Given the performance of the two and the nearly-equal cost, unless you are specifically looking for a coarse, gritty speech reminiscent of the 1980s, I’d suggest the EMIC2 as the better value for the money, with the ease-of-use and smaller footprint as considerable bonuses. The EMIC2 just sounds a lot better, has multiple parsing options, and has multiple voices with variable inflections.

      I use the EMIC2 for voice feedback on my roverbot project to provide status messages without having to try to read an LCD on a moving robot. The SpeakJet is currently part of a homebrew Arduino shield with a TTS256, reading Twitter updates out loud.

      EDIT…. Re: the cost being nearly the same - I was thinking along the lines of the TTS256 plus the Voicebox Shield from Sparkfun, which uses the SpeakJet chip at its core. I see now that you can in fact buy just the bare SpeakJet chip as well. Buying the SpeakJet-plus-TTS256 combo as bare chips is in fact less expensive than the EMIC2 module, but I’d still spring for the difference and go for the EMIC2 and all of its benefits over the Speakjet combo.

      • But, if you can live with just 512 discrete output files, you can buy a recorded-sound module like Sparkfun’s WTV020SD for $20 plus a micro-SD card. Then you could use the very best computer-generated speech, or your own voice, or the voice of anyone you could persuade to read the samples. I do agree though, arbitrary text to speech is the cool way to go.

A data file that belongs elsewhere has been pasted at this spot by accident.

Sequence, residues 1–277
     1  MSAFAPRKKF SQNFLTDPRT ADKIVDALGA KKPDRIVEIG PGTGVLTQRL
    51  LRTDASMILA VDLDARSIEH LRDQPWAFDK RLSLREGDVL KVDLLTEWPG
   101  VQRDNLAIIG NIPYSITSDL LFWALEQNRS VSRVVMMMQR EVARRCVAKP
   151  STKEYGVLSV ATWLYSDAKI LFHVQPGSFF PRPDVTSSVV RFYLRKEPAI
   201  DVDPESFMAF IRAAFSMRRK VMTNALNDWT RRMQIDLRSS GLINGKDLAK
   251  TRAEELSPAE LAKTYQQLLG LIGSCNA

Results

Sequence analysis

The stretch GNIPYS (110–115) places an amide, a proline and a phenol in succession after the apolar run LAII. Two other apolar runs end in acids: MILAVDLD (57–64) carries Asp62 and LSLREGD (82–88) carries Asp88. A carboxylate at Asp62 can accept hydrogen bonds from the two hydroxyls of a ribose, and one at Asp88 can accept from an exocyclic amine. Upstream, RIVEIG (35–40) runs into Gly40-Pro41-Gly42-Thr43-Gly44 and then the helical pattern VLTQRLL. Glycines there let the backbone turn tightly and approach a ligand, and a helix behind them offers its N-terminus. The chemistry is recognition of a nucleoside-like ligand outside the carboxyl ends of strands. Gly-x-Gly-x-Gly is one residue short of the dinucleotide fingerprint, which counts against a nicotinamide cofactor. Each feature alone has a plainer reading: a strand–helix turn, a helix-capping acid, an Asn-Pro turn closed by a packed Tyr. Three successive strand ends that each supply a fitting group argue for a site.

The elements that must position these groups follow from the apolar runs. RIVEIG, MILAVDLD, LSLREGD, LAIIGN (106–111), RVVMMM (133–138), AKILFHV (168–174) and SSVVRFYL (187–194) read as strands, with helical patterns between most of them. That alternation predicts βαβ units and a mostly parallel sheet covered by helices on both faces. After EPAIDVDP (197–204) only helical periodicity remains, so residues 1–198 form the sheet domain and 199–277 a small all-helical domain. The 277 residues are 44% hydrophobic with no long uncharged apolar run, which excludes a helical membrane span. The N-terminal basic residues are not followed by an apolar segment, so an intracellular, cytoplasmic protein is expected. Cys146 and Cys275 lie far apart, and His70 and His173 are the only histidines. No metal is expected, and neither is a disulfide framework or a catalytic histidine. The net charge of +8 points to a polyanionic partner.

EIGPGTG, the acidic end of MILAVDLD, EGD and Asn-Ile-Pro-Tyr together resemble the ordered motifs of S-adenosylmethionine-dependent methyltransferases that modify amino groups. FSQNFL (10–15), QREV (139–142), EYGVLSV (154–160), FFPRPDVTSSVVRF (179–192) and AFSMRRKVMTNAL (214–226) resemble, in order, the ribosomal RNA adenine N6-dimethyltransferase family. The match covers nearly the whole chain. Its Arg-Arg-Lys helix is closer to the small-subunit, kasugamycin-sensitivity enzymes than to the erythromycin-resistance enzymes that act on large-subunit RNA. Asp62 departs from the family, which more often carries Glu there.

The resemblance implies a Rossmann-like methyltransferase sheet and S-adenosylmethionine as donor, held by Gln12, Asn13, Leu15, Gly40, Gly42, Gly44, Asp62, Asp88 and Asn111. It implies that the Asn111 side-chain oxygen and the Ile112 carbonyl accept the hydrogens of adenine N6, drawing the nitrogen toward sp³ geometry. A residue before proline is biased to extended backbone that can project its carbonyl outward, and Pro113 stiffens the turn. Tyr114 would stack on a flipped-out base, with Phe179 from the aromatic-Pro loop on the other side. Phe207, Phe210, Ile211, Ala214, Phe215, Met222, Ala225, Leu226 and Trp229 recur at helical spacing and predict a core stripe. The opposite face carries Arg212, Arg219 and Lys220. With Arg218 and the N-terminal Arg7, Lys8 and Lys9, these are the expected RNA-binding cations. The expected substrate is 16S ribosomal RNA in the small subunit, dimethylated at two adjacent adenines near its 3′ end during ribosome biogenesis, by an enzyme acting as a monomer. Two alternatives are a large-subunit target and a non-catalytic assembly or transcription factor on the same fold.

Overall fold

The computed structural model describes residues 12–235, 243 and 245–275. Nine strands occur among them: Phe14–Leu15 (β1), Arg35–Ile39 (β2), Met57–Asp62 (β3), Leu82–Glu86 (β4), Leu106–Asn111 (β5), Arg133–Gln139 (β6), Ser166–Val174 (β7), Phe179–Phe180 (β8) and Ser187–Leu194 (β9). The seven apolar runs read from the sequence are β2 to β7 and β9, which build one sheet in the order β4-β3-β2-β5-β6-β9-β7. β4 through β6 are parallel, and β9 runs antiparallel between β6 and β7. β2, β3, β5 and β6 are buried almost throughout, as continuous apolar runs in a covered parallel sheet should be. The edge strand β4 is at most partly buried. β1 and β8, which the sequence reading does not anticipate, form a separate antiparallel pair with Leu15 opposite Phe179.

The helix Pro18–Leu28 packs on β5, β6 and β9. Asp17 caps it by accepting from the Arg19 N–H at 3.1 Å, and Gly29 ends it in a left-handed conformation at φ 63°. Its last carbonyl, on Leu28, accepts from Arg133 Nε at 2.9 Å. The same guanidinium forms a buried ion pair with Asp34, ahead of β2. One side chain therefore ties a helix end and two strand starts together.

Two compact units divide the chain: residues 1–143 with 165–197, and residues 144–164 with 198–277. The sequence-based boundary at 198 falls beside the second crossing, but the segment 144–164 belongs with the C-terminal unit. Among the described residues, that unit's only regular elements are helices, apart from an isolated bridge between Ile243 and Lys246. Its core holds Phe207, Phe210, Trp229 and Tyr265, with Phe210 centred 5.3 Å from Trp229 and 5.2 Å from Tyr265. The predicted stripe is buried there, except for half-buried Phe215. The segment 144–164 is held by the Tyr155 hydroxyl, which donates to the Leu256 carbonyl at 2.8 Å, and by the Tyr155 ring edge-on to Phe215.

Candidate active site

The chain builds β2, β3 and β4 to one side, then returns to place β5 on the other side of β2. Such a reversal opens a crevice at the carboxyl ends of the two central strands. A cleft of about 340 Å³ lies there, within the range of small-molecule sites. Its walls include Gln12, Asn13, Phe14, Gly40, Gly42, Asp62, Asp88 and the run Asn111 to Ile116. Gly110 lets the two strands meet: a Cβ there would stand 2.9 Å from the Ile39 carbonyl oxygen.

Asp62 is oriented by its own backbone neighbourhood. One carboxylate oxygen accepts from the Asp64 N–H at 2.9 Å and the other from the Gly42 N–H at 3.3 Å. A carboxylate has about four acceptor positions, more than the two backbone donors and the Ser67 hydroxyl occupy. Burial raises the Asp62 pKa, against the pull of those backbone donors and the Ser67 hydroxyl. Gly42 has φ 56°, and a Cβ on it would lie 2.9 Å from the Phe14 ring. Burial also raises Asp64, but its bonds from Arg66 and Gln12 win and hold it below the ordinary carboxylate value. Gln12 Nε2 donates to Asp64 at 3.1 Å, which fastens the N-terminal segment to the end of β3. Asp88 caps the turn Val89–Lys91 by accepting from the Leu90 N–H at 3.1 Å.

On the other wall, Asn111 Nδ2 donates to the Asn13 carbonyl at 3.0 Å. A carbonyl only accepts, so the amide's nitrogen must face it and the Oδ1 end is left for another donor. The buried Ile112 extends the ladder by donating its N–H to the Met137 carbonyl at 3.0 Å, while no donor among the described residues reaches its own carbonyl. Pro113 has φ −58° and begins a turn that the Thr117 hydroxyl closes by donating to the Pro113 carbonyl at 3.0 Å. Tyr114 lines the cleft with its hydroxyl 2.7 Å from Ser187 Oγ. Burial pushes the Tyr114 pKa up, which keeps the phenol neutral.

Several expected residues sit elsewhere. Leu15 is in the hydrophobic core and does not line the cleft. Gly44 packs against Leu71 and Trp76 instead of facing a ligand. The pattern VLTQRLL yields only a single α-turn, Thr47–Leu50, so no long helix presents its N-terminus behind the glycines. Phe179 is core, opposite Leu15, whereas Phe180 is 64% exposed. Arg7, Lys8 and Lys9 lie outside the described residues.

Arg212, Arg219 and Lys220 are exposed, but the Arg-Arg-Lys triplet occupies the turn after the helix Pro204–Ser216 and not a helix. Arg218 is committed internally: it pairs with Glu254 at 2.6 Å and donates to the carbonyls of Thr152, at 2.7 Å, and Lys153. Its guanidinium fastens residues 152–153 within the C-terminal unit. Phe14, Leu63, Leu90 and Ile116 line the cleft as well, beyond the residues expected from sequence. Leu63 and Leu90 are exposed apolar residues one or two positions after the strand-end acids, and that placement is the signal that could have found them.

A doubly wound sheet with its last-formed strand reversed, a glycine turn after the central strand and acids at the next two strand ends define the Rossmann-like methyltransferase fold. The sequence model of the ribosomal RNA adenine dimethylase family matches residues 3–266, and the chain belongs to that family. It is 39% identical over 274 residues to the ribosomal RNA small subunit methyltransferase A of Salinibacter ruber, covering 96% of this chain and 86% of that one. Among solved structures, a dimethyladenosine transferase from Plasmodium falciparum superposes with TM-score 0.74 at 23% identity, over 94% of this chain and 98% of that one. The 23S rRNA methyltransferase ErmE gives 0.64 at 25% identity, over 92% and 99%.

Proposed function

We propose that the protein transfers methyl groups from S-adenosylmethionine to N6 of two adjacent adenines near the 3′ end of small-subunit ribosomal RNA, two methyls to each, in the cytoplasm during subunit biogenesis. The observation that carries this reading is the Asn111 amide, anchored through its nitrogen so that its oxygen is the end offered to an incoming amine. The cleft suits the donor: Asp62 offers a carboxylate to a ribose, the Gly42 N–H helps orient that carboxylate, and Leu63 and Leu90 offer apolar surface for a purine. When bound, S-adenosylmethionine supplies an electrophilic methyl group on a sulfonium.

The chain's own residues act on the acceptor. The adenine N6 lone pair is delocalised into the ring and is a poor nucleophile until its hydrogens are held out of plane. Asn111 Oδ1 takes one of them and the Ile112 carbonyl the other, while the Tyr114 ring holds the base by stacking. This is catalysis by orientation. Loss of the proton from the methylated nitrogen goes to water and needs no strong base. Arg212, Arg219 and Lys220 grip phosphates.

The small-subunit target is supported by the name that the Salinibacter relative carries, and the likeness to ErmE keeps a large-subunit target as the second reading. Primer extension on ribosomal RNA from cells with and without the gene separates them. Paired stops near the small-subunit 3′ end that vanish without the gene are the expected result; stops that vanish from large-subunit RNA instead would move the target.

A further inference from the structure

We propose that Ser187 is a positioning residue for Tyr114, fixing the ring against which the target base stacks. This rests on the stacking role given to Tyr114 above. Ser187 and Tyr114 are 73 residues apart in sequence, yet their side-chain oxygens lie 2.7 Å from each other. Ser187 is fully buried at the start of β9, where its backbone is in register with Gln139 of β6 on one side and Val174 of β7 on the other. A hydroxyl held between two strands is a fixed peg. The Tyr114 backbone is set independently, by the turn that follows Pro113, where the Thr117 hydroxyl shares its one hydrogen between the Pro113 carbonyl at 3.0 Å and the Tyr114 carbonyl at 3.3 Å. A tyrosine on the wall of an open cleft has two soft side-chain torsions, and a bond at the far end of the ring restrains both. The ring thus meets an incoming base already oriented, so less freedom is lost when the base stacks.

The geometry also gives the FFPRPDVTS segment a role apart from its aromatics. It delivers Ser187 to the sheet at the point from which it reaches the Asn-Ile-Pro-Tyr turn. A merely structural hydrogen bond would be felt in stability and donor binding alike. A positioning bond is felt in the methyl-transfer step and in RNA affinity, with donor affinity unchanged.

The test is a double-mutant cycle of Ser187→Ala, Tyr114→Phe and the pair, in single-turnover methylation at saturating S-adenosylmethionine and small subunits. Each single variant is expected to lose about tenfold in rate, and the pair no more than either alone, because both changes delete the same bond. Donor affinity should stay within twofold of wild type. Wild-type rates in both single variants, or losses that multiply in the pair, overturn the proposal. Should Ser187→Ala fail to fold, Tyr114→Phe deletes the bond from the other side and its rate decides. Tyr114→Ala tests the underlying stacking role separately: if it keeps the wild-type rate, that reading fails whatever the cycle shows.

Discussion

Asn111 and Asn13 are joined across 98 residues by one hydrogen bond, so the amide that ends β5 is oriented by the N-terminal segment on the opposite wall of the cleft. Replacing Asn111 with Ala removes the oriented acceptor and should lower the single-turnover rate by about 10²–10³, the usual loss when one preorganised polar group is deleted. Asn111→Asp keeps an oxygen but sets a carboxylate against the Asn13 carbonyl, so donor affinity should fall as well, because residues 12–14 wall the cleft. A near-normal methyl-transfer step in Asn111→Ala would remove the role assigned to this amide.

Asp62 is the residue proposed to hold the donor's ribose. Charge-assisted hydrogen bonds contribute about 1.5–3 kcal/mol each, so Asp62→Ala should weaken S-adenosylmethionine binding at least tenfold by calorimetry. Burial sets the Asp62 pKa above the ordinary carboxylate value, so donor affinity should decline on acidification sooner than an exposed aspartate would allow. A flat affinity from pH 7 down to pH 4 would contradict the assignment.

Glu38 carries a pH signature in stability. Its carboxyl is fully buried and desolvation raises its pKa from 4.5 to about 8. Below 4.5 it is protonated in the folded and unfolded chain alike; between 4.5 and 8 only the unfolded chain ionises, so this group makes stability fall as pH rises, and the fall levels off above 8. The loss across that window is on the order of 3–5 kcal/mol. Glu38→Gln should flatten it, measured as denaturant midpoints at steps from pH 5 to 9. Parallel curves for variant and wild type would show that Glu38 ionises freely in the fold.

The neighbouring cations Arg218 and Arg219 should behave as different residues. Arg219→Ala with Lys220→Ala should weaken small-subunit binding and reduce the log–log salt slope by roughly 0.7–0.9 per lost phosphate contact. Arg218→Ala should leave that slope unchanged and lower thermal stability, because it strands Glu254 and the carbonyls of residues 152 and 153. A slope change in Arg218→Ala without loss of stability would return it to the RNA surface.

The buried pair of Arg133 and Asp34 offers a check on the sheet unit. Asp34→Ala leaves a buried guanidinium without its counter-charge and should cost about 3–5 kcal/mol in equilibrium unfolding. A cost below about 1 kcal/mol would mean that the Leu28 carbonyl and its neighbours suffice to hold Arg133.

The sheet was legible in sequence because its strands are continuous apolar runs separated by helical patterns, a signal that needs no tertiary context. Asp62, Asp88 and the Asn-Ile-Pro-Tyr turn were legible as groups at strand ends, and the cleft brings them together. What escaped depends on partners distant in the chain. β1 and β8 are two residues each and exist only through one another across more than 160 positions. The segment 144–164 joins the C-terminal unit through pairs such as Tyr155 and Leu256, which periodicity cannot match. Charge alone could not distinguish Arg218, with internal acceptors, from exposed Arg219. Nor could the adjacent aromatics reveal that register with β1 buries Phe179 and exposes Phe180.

• French language ? I wish…

  • Reading through the user guide, the built in demonstration of a “singing voice” uses the classic “Daisy Bell” we all know from 2001: A Space Odyssey :D looking forward to this weeks new product video!

    • It’s not just from “2001” - the song “Daisy Bell” was one of the early demos of voice synthesis technology at Bell Labs.

      • I’m well aware of its history as one of the earliest uses for computer voice, looked it up years ago when i first watched the movie :) still wish there were more affordable PC side voice synthesizers though

    • we didn’t use it in the video this week, we did talk about it a few weeks back when we built the uncertain 7 cube.

  • I’ve got a strange signal coming out of mine: I’ve got it hooked up to a ProtoShield board with Sin on D4 and Sout on D3. It can receive signal, the red LED lights when it’s supposed to, and it speaks, but there is a 1Hz pulse coming out of it. I don’t know why. Anyone have this issue? Or does anyone know what to do?

  • ist possible to speak variable for example time

  • I like this, but i like the speakjet. Wich is better. theres only one way to find out, a FIIIIGHT

    • I’ve used both the SpeakJet and EMIC2 in one of my Arduino projects. I made this short demo to help others decide between both of these TTS solutions.

      Yo Homes Smell Ya Later: SpeakJet VS. Emic 2 Text-To-Speech Module Rap Battle:

      https://vimeo.com/69137939

    • Stephen Hawking Rap Battle?

  • This is going to be very helpful for my summer project….but I wish I could afford it!!